Turning the Page
Overcoming Abuse to Reach Life’s Fulfillment
Do you believe it is impossible to move past the abuse you have suffered?
Do you feel responsible for the abuse or unworthy of being loved?
You’re not to blame and you can move past it, as Michael Bluemling, Jr., a survivor of abuse, knows. In his new book Turning the Page: Overcoming Abuse to Reach Life’s Fulfillment, he combines a brief memoir of the abuse he suffered at his father’s hands with his road map for how to move past abuse. Because Michael did not have many support channels to cope with his past, he created a practical and effective model he could use on a day-to-day basis, and now he offers that model to his readers.
Each chapter provides a seven-step plan for a different aspect of recovery, such as getting over self-blame, overcoming pain and guilt, dealing with anxiety and depression, and learning how to trust again.
By reading Turning the Page, you will learn to:
- realize the abuse was not your fault
- change the thoughts and habits that are not serving you
- live free from fear
- break the cycle of abuse
- not give up
- trust yourself and others again
- recover one step at a time
- love yourself
You are stronger than you think, and you only have one life to live. Beginning with this book, your life of abuse can be over and a fulfilled life can be yours. Begin now.
“I believe in you, and I love you for wanting to stop the pain internally and externally. You are not alone.” — Michael Bluemling, Jr.
Order Now Paperback
Retail Price: $9.99 (US)
Paperback: 164 pages
Publisher: Trinity Press International
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File Size: 1343 KB
Print Length: 164 pages
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Publisher: Trinity Press International
Turning the Page: Book Trailer
Turning the Page: Overcoming Abuse to Reach Life’s Fulfillment
The road to recovery from child abuse takes a different shape for every survivor.
Mistreatment at the hands of someone in a position of power impacts lives in profound and painful ways, and stepping past histories of betrayal and uncertainty looks a little different for every individual who takes those steps.
Michael Bluemling Jr. is one survivor who wants to offer his story of recovery as a roadmap for others, and he does so in his upcoming book, Turning the Page: Overcoming Abuse to Reach Life’s Fulfillment.
In his book, Bluemling — a veteran, civil servant, entrepreneur and motivational speaker — offers a step-by-step guide outlining a clear pathway from dysfunction in the aftermath of abuse and neglect to a life of health and fulfillment. It is written to be imminently accessible to anyone, each chapter approaching successive steps in recovery by offering the reader seven steps to tackle the challenge, then guiding the reader to shape his or her own action plan to move past it.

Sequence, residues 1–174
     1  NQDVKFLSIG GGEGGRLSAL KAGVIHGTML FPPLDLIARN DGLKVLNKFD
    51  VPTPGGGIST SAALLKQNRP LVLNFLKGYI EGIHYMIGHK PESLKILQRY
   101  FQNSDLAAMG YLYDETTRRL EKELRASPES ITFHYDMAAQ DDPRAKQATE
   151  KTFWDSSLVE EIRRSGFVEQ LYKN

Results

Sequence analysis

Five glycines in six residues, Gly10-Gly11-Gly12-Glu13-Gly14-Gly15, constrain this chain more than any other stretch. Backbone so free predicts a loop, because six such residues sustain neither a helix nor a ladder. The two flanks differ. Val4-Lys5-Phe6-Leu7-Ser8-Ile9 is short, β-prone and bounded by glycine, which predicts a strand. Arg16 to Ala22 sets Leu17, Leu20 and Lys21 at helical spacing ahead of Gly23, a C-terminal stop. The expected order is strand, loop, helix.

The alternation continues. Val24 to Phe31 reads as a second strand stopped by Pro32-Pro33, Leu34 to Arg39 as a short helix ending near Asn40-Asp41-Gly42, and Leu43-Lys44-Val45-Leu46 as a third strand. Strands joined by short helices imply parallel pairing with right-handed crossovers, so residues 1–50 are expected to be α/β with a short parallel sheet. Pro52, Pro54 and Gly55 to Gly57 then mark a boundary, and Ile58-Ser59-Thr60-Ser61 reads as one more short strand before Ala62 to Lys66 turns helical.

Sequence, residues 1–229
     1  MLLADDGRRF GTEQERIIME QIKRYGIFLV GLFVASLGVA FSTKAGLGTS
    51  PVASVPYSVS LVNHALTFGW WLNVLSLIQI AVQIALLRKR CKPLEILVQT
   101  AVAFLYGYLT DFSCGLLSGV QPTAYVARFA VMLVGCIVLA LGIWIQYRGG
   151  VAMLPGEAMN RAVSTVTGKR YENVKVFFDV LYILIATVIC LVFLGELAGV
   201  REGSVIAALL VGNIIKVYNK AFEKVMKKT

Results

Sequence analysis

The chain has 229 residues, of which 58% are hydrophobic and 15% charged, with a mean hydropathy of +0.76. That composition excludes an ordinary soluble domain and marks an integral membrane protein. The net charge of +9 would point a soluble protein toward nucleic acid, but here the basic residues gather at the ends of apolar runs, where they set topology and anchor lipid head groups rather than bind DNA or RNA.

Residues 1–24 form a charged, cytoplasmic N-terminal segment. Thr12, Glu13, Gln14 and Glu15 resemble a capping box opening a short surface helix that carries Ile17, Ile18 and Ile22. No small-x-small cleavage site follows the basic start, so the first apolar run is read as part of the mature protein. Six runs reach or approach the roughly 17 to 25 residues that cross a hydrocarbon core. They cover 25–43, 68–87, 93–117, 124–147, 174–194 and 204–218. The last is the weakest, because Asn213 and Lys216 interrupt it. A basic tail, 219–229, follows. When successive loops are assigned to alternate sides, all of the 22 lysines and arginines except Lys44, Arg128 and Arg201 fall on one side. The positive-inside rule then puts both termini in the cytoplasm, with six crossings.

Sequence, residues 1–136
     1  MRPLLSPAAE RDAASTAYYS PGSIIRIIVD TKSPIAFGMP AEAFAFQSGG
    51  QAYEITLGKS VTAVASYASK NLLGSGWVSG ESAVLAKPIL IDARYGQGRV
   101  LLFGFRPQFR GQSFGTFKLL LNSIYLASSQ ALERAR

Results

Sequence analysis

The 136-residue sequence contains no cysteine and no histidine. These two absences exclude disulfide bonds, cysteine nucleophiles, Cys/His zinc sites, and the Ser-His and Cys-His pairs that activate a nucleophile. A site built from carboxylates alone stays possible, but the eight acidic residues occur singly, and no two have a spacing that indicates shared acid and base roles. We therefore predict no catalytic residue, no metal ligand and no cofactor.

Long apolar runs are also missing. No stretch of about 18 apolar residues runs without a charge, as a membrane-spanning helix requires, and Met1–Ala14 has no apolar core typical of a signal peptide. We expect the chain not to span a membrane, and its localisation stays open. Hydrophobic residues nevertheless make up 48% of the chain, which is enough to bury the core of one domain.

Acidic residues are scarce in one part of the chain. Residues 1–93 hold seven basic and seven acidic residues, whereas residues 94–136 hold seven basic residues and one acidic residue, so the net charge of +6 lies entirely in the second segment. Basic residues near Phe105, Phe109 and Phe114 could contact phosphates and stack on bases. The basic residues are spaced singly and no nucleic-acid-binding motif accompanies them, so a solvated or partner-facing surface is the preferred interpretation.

The book is practical and measured in a way seldom seen, even in books of the self-help genre. While Bluemling peppers his prescription for a better life with notes from his own experience (especially in the introduction and conclusion), this book is in no way a memoir. It is much more a handbook or a guidebook to help someone who has faced even the most severe trauma to rebuild their capacity to love and accept, not *despite* the ongoing challenges of life, but immersed in an ongoing exchange within the self, and between the self and the outside world.
Bluemling’s suggestions are offered to help the reader identify and sieze opportunities in those exchanges through honesty, appreciation, and a more dynamic understanding of the self and the self in relation to the world.
One of the best aspects of this book is the incredible ease with which its advice can be digested. Beyond understanding each step within the context of the broader therapeutic goal of its chapter, at only four or five paragraphs apiece, each step can be taken as its own devotional or focus for someone in recovery. While each step may seem self-evident at first glance (like “Love Yourself”, “Be Realistic”, “Create Balance”), the types of improvement this book wants to help the reader shape rest on a foundation of empowerment and reflection through practice and deliberate focus. As beneficial as this book may be as a program for success, it begs to be returned to for guidance and support when specific emotional obstacles return in the future.
Part affirmation, part instruction manual, this practical guide is useful not only upon its initial reading, but promises to serve as a valuable part of any survivor’s self-help reference library.
Mr. Caleb Kimpel from ChildHelp